Echoes

Losing a sister is a horrible tragedy, losing a twin is even worse. This is why Abby's parents make the decision to move to an all new town with all new people. Well, she doesn't have to deal with the stares anymore, the sympathetic ones. Everyone's so sorry but is her sister really gone? Or is she lingering to send Abby a message?

1Likes
1Comments
1368Views
AA

2. Leaving the Past Behind

 

     I examined myself in the mirror. The night had grown dark but I hadn’t bothered to put the light on to its full potential. Seeing myself in the bright light was difficult at times, sometimes it was like I was seeing a ghost. Even after dying my hair brown from its natural blonde – something Melissa and I swore we’d never do – and cutting it shoulder length when it had been close to my waist, I still had the same face as my sister.

     Turning around I almost lost my balance because of yet another unpacked box. Three weeks ago my parents and I moved and I made no effort to start my new life. In the corner, I had an entire box dedicated to things my sister left behind. I labeled to so it would be the last of the things I would find a place for. Sometimes I wish I had just let them be thrown away with the rest of her stu          ff but I couldn’t.

     Why had we moved? It was a question a lot of people asked but already knew. My family was tired of being “that family.” The family who had lost a daughter, a sister. The family that everyone had to be careful around because they didn’t want to say or do the wrong thing. Stepping over eggshells for us. It was exhausting for them and us so my father took a job in the high school that I would be finishing my senior year in Wyatt Point, a town that he just so happened to grow up in. It was only three hours away but it was far enough that no one would see us as “that family.”

     My phone rang from the other side of the room. I trudged over and lifted the small black iPhone reading the name. Walker, my ex-boyfriend, was calling me at three in the morning and that only meant one thing. He was wasted.

     “Hello,” I answered.

     “ABBY,” boomed his voice from the other line. “I miss you!”

     “Where are you?” I don’t know why I was asking. I didn’t care where he was or who he was with. It just felt like the right thing to ask.

     “I’m over Steve’s house,” Walker answered. His words sort of crashed into each other in a slur. Listening to him was just irritating.

     “That’s great,” I said. “What do you want?”

     He grew quiet and when he spoke again, he sounded less drunk. Kind of. “I miss you Abby. We were down at the beach today and I couldn’t stop thinking about you. And then I started thinking about us and Melissa and Steve.”

     My heart caught in my throat. Hardly anyone said her name aloud to me and even if they had, I don’t think I’d ever be used to her being spoken about in the past tense. “I have to go.”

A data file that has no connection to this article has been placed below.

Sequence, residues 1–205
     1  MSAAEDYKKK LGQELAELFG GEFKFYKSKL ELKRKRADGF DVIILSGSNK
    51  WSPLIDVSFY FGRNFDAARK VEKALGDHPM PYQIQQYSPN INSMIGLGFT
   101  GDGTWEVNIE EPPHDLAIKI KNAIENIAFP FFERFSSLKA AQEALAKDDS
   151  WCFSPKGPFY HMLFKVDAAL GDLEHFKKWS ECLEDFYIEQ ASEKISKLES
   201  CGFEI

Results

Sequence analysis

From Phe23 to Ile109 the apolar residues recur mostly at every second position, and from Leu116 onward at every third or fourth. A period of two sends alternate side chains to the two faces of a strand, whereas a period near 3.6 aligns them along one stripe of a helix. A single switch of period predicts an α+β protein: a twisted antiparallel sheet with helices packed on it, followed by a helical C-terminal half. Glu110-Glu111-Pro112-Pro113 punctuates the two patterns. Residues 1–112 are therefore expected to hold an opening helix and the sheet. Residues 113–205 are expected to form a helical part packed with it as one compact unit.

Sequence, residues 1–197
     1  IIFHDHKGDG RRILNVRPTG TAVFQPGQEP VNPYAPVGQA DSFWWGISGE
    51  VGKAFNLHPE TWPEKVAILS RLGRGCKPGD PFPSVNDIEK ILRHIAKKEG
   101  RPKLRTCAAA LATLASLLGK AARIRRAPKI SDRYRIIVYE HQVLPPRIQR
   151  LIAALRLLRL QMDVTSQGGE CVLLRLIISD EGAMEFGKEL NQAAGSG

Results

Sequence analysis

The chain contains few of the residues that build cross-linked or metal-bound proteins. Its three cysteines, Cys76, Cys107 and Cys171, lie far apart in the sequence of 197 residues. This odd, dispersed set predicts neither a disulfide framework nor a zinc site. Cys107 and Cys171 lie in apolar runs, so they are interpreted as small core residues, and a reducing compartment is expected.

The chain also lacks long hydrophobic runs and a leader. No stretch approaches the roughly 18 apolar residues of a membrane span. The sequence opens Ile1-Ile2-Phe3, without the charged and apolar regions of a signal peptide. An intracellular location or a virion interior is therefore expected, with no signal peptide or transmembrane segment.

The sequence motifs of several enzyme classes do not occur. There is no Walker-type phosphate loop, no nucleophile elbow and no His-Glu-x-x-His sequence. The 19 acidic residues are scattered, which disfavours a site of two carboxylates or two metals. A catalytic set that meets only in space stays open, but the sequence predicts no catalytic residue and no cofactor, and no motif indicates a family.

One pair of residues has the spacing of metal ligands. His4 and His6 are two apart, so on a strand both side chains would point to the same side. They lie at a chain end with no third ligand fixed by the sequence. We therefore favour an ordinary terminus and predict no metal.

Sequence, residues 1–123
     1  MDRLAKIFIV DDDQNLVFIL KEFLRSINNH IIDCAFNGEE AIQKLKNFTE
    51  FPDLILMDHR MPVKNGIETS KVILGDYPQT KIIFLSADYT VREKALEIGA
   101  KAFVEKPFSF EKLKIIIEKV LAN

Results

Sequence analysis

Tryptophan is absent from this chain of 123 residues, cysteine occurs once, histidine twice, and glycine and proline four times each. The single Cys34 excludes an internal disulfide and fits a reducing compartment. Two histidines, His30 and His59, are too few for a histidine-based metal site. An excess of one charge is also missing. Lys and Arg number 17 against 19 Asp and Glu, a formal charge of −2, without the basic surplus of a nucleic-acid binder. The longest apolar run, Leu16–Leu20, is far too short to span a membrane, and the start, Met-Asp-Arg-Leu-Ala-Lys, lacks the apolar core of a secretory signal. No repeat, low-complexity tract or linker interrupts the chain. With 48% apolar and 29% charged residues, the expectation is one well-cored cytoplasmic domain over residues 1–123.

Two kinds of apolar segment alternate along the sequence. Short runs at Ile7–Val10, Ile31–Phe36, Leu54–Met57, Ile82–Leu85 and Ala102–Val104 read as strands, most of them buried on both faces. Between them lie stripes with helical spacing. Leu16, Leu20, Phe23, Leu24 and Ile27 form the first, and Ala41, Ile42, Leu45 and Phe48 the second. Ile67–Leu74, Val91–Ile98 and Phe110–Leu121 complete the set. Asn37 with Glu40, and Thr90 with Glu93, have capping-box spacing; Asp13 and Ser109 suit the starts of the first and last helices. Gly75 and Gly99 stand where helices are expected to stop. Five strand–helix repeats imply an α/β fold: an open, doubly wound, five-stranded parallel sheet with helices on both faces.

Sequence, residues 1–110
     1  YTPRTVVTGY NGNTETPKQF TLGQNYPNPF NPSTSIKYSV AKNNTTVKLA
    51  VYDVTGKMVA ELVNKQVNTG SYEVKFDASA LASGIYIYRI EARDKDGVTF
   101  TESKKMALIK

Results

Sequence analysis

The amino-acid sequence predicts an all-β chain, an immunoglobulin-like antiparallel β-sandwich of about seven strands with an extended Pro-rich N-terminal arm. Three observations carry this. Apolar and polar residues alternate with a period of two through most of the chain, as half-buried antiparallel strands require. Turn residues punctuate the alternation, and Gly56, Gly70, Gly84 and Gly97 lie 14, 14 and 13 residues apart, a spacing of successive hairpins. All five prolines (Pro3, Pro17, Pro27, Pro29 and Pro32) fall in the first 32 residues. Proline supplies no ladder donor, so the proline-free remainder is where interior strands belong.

I put my phone on silent and before collapsing onto my bed, I took a drink of water to wash down the tiny pill that helped me sleep through the night. I thought about calling my ex back but decided against it. It was better if neither one of us talked to each other. I missed Walker too no matter how much I wanted to say otherwise. He was a piece of me I thought I’d never lose but he was in the past and my future was in Wyatt Point.

     I didn’t know how much time had passed but the meds were kicking in and I was about to fall asleep until a knock on the door kept me from my slumber. “Come in,” I said in a froggy voice and turned on my side.

     My father walked in, sat on my computer chair, and said nothing. He was only thirty-six but the past year had worn him into seeming much older. Melissa and I had gotten our blonde hair from him – although I had recently become a member of the brunette club days before we moved. The only difference between Melissa and I in relation to our dad was that I had his eyes, the same slate blue. Melissa on the other hand had almost a silver color that everyone “oohed” and “ahhed” about.

     “How did everything go today at the meeting?”

     “Dad…” I groaned. “We discussed this. I said that I would continue going if you and mom didn’t bug me about ‘how it was.’”

     “I know.” He scratched the back of his head. Something he only did when he didn’t get the answers he wanted. I swore he’d have a bald spot there one day. “Abigail, listen. I know it’s tough and it’s going to take time to heal. Trust me. I know. But I’m worried about you.”

     I felt pity for my father (and that pity had no mercy on the annoyed part of me for him calling me by my full name). Pity because I was treating him like I was treating everyone else. My dad and I were always so close and pushing him away like this when he already lost one daughter had to be hurting him.

     “I know dad but there’s nothing to worry about. The meetings are just about a bunch of people dying, followed by a bunch of people crying, and then I’m just sitting there like ‘oh.’ There’s nothing interesting and no one gets me.”

     “You know no one gets you because you don’t talk to them right?”

     I sucked in my bottom lip and bit it. Why was he always right? “When I’m ready to talk to someone I will. I just don’t know when that is.”

     He stood up and walked to my door. “Just don’t wait too long.”

     I nodded me head and positioned my body to face the wall again.

     “And Abby?”

     “Yeah?” I was listening but didn’t move.

     “There’s this community service thing I want you to do. A bunch of people from Wyatt High are going to be there and I think it’ll be a good way to meet some new friends.”

     Not going to happen. “Okay dad. We’ll talk about it.”

Join MovellasFind out what all the buzz is about. Join now to start sharing your creativity and passion
Loading ...